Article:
Our Christmas weekend began at Mike and Patti’s house decorating Gingerbread houses. Kim and Patti had bought one house for each kid. I thought Maggie was decorating hers at our house with the two of us but Kim had thought it would be more fun for her to be part of a group.
We started, as we always seem to start, in the kitchen. The kids were bouncing back and forth between the cookies on the dining room table and making their individual pizzas with the help of their dad.
“Maggie, do you want one?” Mike asked.
“That’s o.k.,” Maggie said.
A couple of rounds later it turned out that, as Mike suspected, she would like one.
“Do you want to make it?” Mike asked.
“You can,” she said.
Jack asked me if I wanted to play chess. “I’m really good,” he warned. “I’ve been playing for three years.” We played while the pizza’s cooked. He is really good for a seven year old. Unfortunately for him, I play on about a nine year old’s level. It won’t take him long to beat me regularly.
“Checkmate,” I said.
Jack studied the board. It took him a while to convince himself that he had lost. Finally, he realized he had no moves available and said, “you can call it checkmate, I prefer to call it a draw.”
I smiled but said, “no it’s checkmate. But thanks for the game. You’re very good.”
The kids ate their pizza and then disappeared from the table. Patti took out the four Gingerbread houses and we started to unwrap them.
“Oh look,” she said, “they’re already assembled.”
That was a good thing. Last year Maggie and Elena had rushed to decorate their houses before the walls had dried in place. I was able to keep Elena’s house together when it started to sag but Kim and Maggie had to keep repairing their structure.
Having pre-built houses meant that the kids could concentrate on decorating the structure with icing and candy.
“One of the candy bags is open,” Patti said. “There’s loose candy at the bottom of this box.”
We put the candy back in the open bag and divided up the houses and candy. Maggie came to the table and sat down and immediately tipped over the only open bag. Patti went to get little bowls and soon each kid’s place had a bare gingerbread house and three bowls of candy. She went back into the kitchen to mix up the first batch of icing to place in kids’ plastic piping bags. The four kids didn’t care. They decided to sample the candy while they waited.
Jack got a knife. “I’m going to make a door,” he told me. He carved a front door in one side of the house. I was sure he was going to break the structure or cut himself. He did neither. He made a nice little door.
Patti brought out icing for Maggie and Jack and told the other girls she’d be back with more. Maggie started decorating the roof of her house with a line of candy. Jack stuck on a couple of pieces of candy on the room and decided he needed to cut in a window.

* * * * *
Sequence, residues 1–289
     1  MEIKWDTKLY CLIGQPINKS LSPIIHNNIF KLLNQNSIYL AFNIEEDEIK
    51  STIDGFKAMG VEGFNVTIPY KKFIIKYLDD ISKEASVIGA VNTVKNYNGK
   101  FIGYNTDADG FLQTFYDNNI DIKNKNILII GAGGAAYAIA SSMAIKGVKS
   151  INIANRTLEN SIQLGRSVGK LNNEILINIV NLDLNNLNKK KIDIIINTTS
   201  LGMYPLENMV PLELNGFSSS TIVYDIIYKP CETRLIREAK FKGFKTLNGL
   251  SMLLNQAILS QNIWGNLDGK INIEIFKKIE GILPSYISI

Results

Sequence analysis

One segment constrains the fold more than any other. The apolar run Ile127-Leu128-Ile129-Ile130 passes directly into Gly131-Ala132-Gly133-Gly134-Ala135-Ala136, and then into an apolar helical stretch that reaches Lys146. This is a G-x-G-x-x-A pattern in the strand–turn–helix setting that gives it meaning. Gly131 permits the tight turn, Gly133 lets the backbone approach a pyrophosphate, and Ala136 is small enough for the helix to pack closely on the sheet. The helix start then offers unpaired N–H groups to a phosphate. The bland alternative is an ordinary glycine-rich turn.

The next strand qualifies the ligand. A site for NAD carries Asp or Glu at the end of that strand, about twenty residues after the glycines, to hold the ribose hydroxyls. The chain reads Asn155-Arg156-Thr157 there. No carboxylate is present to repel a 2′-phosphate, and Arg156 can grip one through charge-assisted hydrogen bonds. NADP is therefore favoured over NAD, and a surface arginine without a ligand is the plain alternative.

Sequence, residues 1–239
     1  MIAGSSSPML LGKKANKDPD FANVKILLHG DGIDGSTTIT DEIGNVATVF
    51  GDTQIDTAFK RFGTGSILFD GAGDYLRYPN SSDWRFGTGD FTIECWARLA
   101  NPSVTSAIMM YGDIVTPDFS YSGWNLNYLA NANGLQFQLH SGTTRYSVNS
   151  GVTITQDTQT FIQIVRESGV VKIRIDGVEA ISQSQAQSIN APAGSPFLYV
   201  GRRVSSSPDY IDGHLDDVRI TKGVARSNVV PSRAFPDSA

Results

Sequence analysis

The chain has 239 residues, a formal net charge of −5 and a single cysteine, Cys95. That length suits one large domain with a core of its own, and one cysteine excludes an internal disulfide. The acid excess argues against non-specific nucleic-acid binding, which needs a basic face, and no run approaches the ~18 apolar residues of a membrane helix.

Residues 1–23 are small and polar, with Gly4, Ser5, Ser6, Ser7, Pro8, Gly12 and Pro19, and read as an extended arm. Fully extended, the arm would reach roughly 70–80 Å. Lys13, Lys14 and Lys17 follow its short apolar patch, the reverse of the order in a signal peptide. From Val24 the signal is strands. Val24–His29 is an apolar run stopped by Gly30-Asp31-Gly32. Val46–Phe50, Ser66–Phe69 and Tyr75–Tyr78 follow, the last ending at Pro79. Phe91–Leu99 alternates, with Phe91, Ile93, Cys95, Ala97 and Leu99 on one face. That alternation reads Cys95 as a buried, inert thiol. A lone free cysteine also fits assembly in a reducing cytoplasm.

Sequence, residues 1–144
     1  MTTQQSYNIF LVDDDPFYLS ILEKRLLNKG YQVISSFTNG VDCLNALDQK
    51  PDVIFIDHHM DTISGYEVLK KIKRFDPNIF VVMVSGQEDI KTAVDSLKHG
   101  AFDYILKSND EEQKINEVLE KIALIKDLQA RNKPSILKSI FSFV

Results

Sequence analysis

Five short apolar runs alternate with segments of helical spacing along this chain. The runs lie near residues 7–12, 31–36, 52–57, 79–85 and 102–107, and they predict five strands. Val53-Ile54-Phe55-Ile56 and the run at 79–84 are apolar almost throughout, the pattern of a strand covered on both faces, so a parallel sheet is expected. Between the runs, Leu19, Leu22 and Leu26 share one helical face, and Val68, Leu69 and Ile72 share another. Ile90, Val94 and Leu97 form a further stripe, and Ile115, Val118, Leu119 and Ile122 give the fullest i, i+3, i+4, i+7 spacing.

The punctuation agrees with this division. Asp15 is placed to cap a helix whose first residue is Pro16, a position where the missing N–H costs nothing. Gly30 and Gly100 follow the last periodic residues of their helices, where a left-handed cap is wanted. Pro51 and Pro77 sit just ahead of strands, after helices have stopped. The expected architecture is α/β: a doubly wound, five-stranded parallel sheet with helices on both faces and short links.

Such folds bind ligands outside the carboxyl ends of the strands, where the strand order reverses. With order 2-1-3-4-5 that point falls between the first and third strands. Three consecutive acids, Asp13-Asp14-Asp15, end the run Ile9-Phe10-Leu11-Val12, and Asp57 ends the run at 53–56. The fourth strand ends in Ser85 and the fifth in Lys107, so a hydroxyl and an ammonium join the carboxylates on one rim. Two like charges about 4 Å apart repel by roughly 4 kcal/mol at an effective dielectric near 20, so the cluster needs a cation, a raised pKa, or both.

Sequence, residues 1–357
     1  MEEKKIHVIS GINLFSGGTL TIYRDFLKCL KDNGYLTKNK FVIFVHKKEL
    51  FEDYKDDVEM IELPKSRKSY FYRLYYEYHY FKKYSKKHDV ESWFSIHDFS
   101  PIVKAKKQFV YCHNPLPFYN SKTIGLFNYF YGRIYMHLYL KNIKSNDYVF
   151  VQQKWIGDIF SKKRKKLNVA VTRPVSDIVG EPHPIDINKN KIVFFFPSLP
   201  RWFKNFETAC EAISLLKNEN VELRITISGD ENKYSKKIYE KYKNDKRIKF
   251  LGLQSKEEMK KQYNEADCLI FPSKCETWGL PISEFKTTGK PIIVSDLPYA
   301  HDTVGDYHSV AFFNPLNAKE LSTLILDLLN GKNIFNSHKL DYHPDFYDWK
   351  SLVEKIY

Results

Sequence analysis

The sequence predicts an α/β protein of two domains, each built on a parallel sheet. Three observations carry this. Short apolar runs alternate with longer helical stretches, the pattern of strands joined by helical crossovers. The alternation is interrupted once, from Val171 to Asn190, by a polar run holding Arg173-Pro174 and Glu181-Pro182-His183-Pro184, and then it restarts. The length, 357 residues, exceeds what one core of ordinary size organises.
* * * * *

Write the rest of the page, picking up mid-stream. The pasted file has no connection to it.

Sarah and Kate kept sampling the candy while they waited for icing. Even once Patti brought them their icing they ate more than they put on the house. Kim helped Kate and I helped Sarah until Patti was available. Kate discovered that the icing was edible too.
I watched Maggie design a red and green candy wreath for next to her front door. Elena would have loved this. I know that’s easy to say, but she would have. She would have been loud and bossy and had a mouth full of candy.
Maggie put a candy chimney on the roof while Jack carved a chimney hole in the roof of his house. Boys and girls are just different.
“Elena was a Christian, you know,” Jack said.
“Half,” Maggie corrected. “Like me.”
“Well, she believed in Jesus,” he insisted. I don’t know why, but this has always been important to him. Even when Elena was alive.
He looked at me and said, “When Elena died, Sophie was her best friend. Sophie wrote me a letter when Elena died.”
We sat there. Two guys just decorating gingerbread houses talking about a loss they have in common.
Jack saw the look on my face. “What’s wrong,” he asked.
“I’m sad. I miss Elena.”
He looked up at me and said “well I miss my Nanna.” His grandmother had died a week before. That’s a little over a week before Christmas. The family had just returned from the funeral on Sunday.
“I know,” I said, “that must make you very sad.”
He nodded and looked at me very carefully before looking back at his house. He turned it around and picked up the knife again and said, “I’m making a back door.”
“O.K.,” I said, “but then put down the knife and do a little decorating.”
I looked back at Maggie who was working on her house. It looked great. Last year Elena had looked at Maggie’s house and told her, “it looks like crap. Doesn’t it dad?” This year it looked great with it’s wreath and its chimney. It was a perfect little gingerbread house.